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Culture

New Samsung ad screams: iPad 2's too slow

In an ad for the Galaxy Tab, Samsung assails the iPad over its alleged tortoise-like nature.

Have you witnessed this scene before?

A little boy is with his daddy in Burger King. He is playing with his iPad. The iPad doesn't seem to be responding. So the little boy screams, somewhat ungraciously: "IT'S NOT WORKING AGAIN!!!"

While the little boy continues to behave like a brat, upsetting the other customers, there's a little boy at the next table who is reveling in the blinding speed of the Samsung Galaxy Tab.

You really haven't ever seen anything like this? Well, may I therefore present a new Samsung ad for the Galaxy Tab. It encourages you to believe that the Tab is faster and generally better for family harmony and child socialization than the iPad.

Naturally, the little brat's pad doesn't have the Apple logo. But the implication is clear: the iPad is the TortoisePad.

Mashable tells me that these ads launched in the UK yesterday.

So I imagine that the gorgeous Apple store on London's Regent Street will be an utterly deserted place today, as people finally express their relief from the tedium of getting their iPad 2 to work.

I am not aware of massive online movements that rail against the iPad's slowness, screaming for an alternative that will actually work. Indeed, most iPad 2 owners I know are merely frightfully selfish about the mesmerizing effect the machine has had upon their own sense of time and self-worth.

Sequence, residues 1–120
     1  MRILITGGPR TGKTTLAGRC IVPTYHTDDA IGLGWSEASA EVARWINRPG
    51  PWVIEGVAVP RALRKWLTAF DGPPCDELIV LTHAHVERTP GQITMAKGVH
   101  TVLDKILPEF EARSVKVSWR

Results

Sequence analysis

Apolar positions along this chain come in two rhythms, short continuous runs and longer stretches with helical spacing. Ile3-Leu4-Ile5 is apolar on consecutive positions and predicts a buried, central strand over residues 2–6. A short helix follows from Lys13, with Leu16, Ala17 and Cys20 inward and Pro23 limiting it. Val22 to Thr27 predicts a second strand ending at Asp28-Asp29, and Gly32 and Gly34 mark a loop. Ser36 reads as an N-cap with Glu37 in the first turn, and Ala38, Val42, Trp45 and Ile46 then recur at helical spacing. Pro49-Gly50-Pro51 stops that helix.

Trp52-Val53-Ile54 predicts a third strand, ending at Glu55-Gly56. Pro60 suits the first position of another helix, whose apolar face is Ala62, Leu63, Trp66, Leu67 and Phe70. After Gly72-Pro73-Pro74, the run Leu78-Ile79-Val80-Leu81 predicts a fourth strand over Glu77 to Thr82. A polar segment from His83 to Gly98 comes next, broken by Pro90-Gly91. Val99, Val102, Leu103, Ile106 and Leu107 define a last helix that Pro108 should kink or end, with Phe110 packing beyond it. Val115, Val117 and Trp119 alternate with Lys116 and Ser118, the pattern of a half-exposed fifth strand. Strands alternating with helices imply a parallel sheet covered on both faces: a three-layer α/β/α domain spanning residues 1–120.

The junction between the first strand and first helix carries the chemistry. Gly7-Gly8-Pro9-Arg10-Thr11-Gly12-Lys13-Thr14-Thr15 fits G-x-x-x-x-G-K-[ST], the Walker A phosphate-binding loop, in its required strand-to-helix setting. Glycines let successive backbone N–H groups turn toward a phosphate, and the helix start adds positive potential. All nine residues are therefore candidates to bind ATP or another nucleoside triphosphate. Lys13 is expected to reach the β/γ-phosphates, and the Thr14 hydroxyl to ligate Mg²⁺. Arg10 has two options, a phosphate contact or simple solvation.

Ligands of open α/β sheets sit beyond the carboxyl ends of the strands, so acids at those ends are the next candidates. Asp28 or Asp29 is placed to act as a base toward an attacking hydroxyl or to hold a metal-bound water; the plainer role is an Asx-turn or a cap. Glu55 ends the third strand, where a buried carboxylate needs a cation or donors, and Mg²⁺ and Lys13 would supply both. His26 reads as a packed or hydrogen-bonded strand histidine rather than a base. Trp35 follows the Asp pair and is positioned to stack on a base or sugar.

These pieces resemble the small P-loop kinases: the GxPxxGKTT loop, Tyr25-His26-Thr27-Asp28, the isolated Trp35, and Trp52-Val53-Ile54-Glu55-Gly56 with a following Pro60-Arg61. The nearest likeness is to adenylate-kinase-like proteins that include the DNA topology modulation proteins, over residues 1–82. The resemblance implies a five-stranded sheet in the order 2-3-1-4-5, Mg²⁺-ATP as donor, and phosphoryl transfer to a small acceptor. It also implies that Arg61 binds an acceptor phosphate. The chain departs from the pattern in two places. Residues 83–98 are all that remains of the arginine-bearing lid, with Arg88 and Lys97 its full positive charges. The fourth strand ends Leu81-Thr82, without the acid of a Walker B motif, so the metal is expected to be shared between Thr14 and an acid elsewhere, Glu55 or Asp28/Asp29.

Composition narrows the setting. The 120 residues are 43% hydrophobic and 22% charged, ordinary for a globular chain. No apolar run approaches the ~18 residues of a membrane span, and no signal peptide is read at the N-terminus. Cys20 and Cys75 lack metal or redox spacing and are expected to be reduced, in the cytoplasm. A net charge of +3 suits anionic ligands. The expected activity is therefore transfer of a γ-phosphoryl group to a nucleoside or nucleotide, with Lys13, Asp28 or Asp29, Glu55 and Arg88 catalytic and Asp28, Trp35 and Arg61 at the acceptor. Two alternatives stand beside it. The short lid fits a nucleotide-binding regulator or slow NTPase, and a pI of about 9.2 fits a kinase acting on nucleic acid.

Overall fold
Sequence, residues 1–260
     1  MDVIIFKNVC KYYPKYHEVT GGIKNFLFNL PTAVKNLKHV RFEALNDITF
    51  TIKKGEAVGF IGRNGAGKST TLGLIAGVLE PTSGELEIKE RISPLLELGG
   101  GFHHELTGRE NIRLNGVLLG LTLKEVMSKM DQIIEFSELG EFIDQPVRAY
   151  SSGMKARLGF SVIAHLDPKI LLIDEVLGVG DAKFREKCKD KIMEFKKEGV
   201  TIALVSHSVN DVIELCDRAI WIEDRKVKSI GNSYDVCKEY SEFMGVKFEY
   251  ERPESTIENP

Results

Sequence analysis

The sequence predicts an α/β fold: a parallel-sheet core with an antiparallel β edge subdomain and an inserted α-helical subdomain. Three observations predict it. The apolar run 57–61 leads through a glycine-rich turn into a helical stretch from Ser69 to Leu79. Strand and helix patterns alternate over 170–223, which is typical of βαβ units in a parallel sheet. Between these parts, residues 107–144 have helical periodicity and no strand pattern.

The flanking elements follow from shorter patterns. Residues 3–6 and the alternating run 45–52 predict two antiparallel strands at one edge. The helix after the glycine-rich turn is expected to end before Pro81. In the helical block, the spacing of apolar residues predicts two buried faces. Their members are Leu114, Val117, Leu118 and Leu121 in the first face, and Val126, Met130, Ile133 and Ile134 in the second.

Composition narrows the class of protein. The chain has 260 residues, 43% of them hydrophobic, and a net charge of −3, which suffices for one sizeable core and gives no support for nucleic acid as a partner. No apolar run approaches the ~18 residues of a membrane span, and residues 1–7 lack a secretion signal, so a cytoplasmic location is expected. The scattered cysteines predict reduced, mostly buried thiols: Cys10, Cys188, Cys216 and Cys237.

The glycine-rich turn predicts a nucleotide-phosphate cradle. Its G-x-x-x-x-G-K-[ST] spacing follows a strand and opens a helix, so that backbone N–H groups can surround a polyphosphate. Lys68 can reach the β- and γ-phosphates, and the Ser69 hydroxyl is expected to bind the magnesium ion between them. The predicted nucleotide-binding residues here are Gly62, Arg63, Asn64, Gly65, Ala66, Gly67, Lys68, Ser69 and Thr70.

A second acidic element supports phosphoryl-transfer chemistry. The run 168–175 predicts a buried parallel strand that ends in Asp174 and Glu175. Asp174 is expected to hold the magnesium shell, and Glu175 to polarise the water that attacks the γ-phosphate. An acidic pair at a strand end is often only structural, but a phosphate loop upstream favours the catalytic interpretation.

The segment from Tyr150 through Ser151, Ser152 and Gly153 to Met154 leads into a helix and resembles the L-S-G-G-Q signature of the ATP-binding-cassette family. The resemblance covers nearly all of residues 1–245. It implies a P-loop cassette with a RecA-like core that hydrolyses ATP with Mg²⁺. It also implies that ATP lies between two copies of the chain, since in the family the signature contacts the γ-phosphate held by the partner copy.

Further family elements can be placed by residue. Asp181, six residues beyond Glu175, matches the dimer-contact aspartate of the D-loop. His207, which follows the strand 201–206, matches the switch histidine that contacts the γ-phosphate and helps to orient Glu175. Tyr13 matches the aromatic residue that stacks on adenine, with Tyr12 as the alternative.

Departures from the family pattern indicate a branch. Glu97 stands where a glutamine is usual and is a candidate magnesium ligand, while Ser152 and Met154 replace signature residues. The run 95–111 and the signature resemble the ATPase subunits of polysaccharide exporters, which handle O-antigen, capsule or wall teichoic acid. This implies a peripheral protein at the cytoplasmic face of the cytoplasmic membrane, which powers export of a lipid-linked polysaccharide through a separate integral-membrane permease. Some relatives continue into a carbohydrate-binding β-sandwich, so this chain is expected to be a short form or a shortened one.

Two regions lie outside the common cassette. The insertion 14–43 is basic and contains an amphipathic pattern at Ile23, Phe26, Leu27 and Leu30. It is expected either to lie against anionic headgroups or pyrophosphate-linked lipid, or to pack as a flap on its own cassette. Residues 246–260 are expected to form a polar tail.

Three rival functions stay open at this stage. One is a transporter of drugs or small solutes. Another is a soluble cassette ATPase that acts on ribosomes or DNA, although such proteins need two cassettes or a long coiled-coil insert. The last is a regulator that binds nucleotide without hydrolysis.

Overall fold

This Samsung ad is one in a series of three. It is the only one to directly compare itself to the iPad 2. The others trumpet the Tab's thinness and lightness. (It is, apparently, lighter than one of those cold brown things in a plastic cup with a straw you get from Starbucks.)

These ads highlight just how difficult it is for those who create ads to present alternatives to the iPad 2. Motorola's attempt at assailing Apple during the Super Bowl kissed that area between laughable and sad. Here, the ad makers are trying, mostly, to feature something potentially different and positive.

This isn't easy. Samsung has been forced to stop advertising and selling the Galaxy Tab in Australia, for example, while lawyers debate just how similar it is to the iPad 2.

Indeed, it seems as if the actors in these spots have remarkably Australian accents, so perhaps what is being denied the Aussies is now being foisted upon their forefathers.

Perhaps the place to start in the tablet market is to create something palpably different from the iPad 2. It might be easier to advertise.